Everyone can see a doctor, so long as doctor is defined as your neighborhood pharmacist or a nurse practitioner. As health care becomes like Wal-Mart, everyone will be able to eventually see a medical professional of some kind on their $20,000 a year plan.
Finally America will be just like Europe.
As the state moves to expand healthcare coverage to millions of Californians under President Obama’s healthcare law, it faces a major obstacle: There aren’t enough doctors to treat a crush of newly insured patients.
But a bill was signed? Are you telling me that passing a law doesn’t immediately create a supply to fill a demand? Wait… does this mean that Socialism doesn’t work?
But don’t worry, Socialism always has a solution. If there aren’t enough doctors, we’ll make more doctors. Unionized doctors without the medical school part.
Some lawmakers want to fill the gap by redefining who can provide healthcare. They are working on proposals that would allow physician assistants to treat more patients and nurse practitioners to set up independent practices.
Isn’t this a brave new world?
Sure your insurance will no longer cover doctor visits, but you will have access to a Nurse Practitioner, who in keeping with treatment quotas, may eventually give you a referral to an actual doctor, hopefully before you’re dead.
Pharmacists and optometrists could act as primary care providers, diagnosing and managing some chronic illnesses, such as diabetes and high-blood pressure.
And the kid down the block who worked as a lifeguard, he can treat your broken leg. The EMT in your neighborhood is now your primary care physician.
It’s ObamaCare for an ObamaWorld.
“We’re going to be mandating that every single person in this state have insurance,” said state Sen. Ed Hernandez (D-West Covina), chairman of the Senate Health Committee and leader of the effort to expand professional boundaries. “What good is it if they are going to have a health insurance card but no access to doctors?”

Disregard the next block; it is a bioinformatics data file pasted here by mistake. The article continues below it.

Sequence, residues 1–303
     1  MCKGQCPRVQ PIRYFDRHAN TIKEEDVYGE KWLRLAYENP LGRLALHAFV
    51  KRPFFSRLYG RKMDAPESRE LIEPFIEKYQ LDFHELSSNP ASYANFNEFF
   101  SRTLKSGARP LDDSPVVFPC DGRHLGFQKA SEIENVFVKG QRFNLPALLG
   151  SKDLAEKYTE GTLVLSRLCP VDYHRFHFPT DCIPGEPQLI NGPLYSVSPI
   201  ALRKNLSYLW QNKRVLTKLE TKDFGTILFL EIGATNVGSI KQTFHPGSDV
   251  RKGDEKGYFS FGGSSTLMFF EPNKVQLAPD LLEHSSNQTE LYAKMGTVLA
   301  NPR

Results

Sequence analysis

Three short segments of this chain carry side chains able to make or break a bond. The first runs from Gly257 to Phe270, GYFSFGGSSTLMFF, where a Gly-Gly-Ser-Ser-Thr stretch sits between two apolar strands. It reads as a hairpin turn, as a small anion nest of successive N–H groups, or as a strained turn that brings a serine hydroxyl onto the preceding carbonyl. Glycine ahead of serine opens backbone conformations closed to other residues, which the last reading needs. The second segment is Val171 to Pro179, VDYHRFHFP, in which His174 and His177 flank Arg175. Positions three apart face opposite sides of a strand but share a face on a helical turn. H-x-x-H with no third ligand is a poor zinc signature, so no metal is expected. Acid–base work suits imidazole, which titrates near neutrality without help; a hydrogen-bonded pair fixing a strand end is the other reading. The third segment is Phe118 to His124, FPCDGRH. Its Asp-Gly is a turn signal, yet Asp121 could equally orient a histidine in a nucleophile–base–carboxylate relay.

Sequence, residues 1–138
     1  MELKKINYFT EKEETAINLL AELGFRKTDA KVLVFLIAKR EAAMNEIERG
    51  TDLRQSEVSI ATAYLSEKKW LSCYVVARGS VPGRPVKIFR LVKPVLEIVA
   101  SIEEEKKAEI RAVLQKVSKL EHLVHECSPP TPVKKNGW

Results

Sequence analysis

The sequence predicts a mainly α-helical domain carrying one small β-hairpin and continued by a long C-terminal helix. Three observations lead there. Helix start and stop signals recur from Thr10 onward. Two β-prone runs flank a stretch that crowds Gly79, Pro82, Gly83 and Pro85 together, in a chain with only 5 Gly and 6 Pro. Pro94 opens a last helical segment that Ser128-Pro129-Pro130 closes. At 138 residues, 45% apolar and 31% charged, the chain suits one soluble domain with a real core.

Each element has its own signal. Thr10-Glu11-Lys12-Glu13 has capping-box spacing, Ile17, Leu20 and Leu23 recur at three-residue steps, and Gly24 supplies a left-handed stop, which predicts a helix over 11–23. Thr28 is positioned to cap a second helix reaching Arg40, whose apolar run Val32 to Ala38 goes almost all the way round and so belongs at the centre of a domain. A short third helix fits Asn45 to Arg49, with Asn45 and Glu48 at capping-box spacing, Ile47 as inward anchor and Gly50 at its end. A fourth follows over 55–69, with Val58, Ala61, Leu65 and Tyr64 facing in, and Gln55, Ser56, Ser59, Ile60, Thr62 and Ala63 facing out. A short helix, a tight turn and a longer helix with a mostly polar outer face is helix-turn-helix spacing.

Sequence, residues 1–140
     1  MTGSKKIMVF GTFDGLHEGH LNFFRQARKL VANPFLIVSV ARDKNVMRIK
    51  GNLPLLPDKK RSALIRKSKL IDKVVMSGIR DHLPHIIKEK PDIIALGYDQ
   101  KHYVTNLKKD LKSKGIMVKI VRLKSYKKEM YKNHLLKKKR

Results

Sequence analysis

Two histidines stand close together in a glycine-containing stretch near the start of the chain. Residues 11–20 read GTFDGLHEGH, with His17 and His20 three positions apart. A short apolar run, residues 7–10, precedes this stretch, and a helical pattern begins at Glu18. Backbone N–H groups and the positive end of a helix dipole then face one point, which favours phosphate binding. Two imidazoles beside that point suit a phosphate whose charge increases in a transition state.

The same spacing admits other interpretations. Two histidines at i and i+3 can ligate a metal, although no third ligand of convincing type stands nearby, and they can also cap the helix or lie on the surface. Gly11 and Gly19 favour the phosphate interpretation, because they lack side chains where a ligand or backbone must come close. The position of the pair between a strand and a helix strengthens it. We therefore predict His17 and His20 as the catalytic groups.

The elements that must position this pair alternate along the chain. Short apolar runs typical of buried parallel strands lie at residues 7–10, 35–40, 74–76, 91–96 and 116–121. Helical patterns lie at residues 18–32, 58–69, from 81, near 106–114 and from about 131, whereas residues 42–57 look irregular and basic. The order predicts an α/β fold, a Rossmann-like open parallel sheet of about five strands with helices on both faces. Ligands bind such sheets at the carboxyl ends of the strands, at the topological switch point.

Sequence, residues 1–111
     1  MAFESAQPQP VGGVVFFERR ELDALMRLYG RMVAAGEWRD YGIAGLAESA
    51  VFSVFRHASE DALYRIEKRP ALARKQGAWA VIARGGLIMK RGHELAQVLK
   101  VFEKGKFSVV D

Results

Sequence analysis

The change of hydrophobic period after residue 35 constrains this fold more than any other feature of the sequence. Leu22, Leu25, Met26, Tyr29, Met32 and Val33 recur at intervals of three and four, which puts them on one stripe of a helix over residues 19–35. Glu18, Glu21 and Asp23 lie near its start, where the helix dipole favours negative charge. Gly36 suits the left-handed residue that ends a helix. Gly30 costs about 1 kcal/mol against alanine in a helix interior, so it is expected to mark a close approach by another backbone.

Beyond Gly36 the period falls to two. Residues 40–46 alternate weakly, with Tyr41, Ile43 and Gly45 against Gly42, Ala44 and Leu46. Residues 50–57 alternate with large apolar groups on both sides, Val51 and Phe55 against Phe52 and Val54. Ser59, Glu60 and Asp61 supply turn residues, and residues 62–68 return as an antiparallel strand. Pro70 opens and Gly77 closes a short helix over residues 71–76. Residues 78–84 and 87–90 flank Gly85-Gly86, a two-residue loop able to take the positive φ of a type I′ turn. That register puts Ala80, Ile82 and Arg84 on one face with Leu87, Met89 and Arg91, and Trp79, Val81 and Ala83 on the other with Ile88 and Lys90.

It’s no good at all, but calling a pharmacist a doctor does not mean that you now have access to a doctor. It means you’re being screwed.
Such “scope-of-practice” fights are flaring across the country as states brace for an influx of patients into already strained healthcare systems. About 350 laws altering what health professionals may do have been enacted nationwide in the last two years, according to the National Conference of State Legislatures. Since Jan. 1, more than 50 additional proposals have been launched in 24 states.
This is your new Post-Doctor healthcare. It comes with ObamaCare.
Hernandez, who said he would introduce his legislation and hold a hearing on the issue next month, said his own experience as an optometrist shows the need to empower more practitioners. He said he often sees Medicaid patients who come to his La Puente practice because they have failed their vision test at the DMV. Many complain of constant thirst and frequent urination.
“I know it’s diabetes,” he said. But he is not allowed to diagnose or treat it and must refer those patients elsewhere. Many of them may face a months-long wait to see a doctor.
I often encounter people who have swollen joints and eat a lot of meat. I know it’s gout. Why can’t I diagnose them? Sure I’m not a doctor, but it’s not like California is fussy these days. Give me a Physicians Desk Reference and let me go to town.
Administrators of community clinics and public hospitals say nurse practitioners and other non-physician providers already play key roles in caring for patients, a trend they predict will grow as more Californians become insured and enter the healthcare system.
Critics of ObamaCare repeatedly predicted that this would happen. That you wouldn’t see doctors, just nurse practitioners. And we were told that was crazy. It would never happen. And they were right. Patients won’t be seeing nurse practitioners, they’ll be on a waiting list to see a nurse practitioner.
This is your health care. This is your health care on Obama.